Regional Variation in Health Care: Physician Beliefs or Patient Preferences?
Health care analysts have long been puzzled by the existence of substantial regional variation in health care expenditures. In the Medicare population, for example, regional averages of price-adjusted per-patient expenditures range from under $7,000 to nearly $14,000, differences that cannot be explained by regional variation in patient illness or income.
In Physician Beliefs and Patient Preferences: A New Look at Regional Variation in Health Care Spending (NBER Working Paper 19320), researchers David Cutler, Jonathan Skinner, Ariel Dora Stern, and David Wennberg explore the causes of this phenomenon.
There are a number of possible explanations. On the demand side, patient preferences may play a role. Some patients facing a serious illness may prefer to try every possible treatment while others would prefer palliative care and comfort. If patients with similar preferences are grouped in the same geographic area, this could generate regional variation in spending. Differences in price and income, by contrast, are unlikely to be important in the Medicare context, where all patients essentially have access to the same, fairly generous insurance.
There are also possible supply-side explanations. Monetary incentives are one, as physicians may encourage patients to consume more health care if doing so raises physician income. But this alone cannot explain the observed regional variation in spending, since reimbursement rates do not vary much across areas. Alternatively, physicians may have differing beliefs about the efficacy of certain treatments. If physician beliefs are geographically correlated - for example, because many physicians in a given area received their training at the same medical school - this could create regional variation in spending.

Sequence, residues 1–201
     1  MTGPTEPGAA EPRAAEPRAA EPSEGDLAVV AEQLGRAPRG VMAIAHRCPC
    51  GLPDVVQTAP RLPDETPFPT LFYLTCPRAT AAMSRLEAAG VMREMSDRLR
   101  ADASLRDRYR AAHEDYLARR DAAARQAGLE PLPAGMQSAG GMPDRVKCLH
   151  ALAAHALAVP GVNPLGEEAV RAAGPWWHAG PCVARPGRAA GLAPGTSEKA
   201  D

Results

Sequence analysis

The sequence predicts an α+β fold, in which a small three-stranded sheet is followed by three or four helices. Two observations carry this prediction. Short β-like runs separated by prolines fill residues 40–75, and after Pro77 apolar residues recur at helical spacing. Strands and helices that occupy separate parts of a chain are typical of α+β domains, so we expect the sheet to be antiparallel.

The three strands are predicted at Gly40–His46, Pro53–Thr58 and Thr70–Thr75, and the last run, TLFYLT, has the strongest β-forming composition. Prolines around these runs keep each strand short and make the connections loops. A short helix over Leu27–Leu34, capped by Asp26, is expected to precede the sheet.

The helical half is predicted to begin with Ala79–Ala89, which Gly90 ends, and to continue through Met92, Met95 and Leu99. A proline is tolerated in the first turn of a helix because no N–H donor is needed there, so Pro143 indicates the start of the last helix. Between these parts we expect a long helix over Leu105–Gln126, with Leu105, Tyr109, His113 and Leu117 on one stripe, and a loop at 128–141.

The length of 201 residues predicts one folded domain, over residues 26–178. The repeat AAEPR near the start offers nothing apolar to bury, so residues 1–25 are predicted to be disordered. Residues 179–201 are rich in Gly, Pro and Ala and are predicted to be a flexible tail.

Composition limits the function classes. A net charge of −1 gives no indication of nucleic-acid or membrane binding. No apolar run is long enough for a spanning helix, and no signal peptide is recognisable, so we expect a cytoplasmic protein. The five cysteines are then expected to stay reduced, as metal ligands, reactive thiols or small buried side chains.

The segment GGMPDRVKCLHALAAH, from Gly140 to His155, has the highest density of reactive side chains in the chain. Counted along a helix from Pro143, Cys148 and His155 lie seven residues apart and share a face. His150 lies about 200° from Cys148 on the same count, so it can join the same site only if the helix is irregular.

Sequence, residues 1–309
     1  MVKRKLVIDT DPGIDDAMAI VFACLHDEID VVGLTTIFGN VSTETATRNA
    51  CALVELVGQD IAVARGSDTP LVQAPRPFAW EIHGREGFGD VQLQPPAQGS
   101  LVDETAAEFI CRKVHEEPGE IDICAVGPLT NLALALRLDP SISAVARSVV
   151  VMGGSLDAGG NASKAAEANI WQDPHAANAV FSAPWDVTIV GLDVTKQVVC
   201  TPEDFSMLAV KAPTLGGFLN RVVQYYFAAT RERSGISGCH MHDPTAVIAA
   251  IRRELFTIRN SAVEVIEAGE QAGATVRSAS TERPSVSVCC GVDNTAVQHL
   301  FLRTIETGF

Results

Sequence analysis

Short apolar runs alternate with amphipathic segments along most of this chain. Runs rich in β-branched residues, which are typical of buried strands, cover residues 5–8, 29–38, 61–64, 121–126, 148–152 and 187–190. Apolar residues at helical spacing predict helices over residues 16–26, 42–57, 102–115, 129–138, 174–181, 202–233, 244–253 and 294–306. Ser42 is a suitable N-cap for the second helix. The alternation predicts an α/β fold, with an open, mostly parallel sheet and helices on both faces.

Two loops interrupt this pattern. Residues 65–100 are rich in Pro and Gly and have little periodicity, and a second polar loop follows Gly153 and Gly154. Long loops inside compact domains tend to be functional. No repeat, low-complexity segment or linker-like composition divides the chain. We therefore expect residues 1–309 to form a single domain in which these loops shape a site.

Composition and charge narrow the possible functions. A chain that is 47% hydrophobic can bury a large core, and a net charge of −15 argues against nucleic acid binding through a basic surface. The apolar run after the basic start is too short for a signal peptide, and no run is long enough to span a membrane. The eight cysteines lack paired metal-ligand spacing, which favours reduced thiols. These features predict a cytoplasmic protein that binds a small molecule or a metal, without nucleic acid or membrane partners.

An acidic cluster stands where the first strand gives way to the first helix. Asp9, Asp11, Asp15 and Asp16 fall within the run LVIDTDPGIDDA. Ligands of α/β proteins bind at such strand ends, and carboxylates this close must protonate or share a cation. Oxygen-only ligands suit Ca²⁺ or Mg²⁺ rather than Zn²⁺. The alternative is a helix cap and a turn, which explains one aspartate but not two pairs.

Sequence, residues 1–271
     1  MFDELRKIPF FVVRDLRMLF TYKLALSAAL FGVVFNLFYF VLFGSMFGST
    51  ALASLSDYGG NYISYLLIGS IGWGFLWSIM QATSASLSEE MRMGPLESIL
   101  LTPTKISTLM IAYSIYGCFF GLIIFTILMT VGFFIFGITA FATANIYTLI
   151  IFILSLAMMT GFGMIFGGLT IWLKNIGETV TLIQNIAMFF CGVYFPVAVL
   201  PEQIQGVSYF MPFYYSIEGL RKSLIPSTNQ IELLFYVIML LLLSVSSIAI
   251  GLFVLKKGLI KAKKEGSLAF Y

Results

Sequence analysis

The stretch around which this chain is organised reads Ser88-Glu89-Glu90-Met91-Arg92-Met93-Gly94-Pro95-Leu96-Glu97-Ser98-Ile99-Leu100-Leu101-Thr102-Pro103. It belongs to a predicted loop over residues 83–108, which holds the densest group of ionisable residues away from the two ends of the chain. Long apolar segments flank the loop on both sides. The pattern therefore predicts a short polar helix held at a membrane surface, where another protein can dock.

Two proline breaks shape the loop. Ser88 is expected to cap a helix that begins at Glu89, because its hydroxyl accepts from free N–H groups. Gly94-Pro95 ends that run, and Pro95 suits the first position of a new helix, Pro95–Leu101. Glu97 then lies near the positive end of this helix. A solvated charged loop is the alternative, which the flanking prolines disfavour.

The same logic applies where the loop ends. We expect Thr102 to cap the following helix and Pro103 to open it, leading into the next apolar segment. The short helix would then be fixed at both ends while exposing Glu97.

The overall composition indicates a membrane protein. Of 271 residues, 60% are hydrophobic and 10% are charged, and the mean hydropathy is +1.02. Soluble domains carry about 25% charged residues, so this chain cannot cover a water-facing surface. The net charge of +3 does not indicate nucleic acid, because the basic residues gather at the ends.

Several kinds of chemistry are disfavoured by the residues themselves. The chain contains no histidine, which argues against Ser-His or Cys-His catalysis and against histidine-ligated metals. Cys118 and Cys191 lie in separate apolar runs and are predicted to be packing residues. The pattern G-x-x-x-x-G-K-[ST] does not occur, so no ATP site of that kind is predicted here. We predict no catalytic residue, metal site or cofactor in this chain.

The approach employed by the authors to distinguish between these competing hypotheses involves using "strategic surveys" that employ clinical vignettes to elicit information on physician beliefs and patient preferences. The authors analyze survey responses of over 1300 primary care physicians and cardiologists in 64 Hospital Referral Regions (HRRs). The vignettes present the physicians with hypothetical elderly patients suffering from conditions such as heart failure and ask the physicians how they would treat them. The authors characterize physicians as "cowboys" if they consistently and unambiguously recommend intensive care beyond clinical guidelines and as "comforters" if they consistently recommend palliative care for the severely ill.
On the patient side, the authors consider the preferences of over 1400 Medicare beneficiaries surveyed in the same set of HRRs. Respondents were asked questions relating to their preferences for unnecessary care and end-of-life care, such as whether they would like a test or cardiac referral even if their primary care physician did not think they needed one and whether they would want to be put on a respirator if it would extend their life for a short time.